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Conservative-dominated parliament winds up business

TEHRAN, May 24 (AFP) - The outgoing conservative-dominated Iranian parliament held its final session Wednesday, before giving way to a new Majlis firmly on the side of reformist President Mohammad Khatami, with the battle for the key position of speaker now underway.

Outgoing speaker Ali Akbar Nateq-Nuri, in a speech at the end of the parliamentary session, said the experience of being in parliament since the 1979 Islamic revolution had seen his hair and beard turn grey.

He described the record of the outgoing assembly, which has systematically hampered Khatami's reform programme for the past three years, as "positive."

Nateq-Nuri said the future parliament, which contains 80 percent Khatami supporters, will be first and foremost "ideological."

The outgoing assembly wound up its business amid intense discussion over who will be the next speaker when the new parliament convenes Saturday, with at least 247 of the full complement of 290 deputies.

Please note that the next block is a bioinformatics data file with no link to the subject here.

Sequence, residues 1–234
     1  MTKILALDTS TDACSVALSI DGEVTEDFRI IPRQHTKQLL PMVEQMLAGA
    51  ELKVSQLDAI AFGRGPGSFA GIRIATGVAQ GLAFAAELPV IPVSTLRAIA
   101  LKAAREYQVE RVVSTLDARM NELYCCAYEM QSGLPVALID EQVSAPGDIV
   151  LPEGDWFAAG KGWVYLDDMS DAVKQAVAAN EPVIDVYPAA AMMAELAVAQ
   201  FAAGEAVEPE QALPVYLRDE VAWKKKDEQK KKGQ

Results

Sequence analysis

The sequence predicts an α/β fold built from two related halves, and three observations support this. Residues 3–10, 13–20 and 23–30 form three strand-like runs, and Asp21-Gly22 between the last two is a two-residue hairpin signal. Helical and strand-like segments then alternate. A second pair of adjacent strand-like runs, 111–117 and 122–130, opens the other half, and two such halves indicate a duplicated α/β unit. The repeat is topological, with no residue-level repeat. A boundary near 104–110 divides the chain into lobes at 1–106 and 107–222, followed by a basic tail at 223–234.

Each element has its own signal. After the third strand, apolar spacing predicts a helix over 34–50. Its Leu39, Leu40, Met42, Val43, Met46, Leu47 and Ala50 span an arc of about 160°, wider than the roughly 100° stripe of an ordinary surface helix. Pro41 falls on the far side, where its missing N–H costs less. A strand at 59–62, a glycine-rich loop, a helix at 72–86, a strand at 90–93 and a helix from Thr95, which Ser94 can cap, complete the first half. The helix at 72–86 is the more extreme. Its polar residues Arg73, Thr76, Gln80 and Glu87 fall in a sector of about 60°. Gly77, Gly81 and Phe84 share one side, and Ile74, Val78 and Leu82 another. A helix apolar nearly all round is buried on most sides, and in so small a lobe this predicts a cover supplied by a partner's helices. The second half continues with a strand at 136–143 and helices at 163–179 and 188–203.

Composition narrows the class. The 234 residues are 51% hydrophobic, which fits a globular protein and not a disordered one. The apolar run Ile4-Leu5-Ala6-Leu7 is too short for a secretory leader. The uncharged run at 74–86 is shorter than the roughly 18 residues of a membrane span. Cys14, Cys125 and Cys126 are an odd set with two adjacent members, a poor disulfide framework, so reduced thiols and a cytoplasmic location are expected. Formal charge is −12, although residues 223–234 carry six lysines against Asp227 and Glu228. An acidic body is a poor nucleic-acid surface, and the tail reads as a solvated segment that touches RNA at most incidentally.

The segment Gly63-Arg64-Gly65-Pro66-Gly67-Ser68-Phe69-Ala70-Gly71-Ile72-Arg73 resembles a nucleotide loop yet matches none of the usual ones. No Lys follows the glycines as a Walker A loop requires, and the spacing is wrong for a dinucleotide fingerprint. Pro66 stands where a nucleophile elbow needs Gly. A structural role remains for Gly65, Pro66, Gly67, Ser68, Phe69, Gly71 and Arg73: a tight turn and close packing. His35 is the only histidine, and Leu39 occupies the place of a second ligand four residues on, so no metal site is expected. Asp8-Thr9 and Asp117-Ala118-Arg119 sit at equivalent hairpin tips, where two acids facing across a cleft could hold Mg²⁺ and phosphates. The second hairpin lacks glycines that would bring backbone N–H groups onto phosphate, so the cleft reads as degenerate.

They must choose provisional officers of the parliament, as they wait for the winners of the first and second round of the elections February 18 and May 5 to be accredited.

The reformist movement has been involved in intense internal debate to find a candidate to lead them.

The Mosharekat, or Islamic Iran Participation Front (IIPF), the leading reformist party, said it will vote for its own candidate for house speaker, ruling out support for the former president, Akbar Hashemi Rafsanjani, elected in Tehran on a moderate conservative ticket.

"The Mosharekat will put forward its own candidate for the position, and will ensure that the Majlis speaker is a member of the 2nd of Khordad Front," IIPF leader Mohammad-Reza Khatami, brother of the president, said Tuesday, referring to the coalition which his party dominates.

"In line with the wishes of the people's representatives, the speaker must be a spokesperson" of the deputies, Khatami added.

Among the candidates in line, another former Majlis speaker, Mehdi Karubi, is among the favourites, while other political groupings linked to the reformers, support Behzad Nabavi, who like Karoubi, is a former militant of the radical left in power during the 1980's.

Nabavi is a former minister for heavy industry.

Nateq-Nuri presented commemorative plaques to the members of the outgoing assembly inscribed by Iran's supreme leader, Ayatollah Ali Khamenei.


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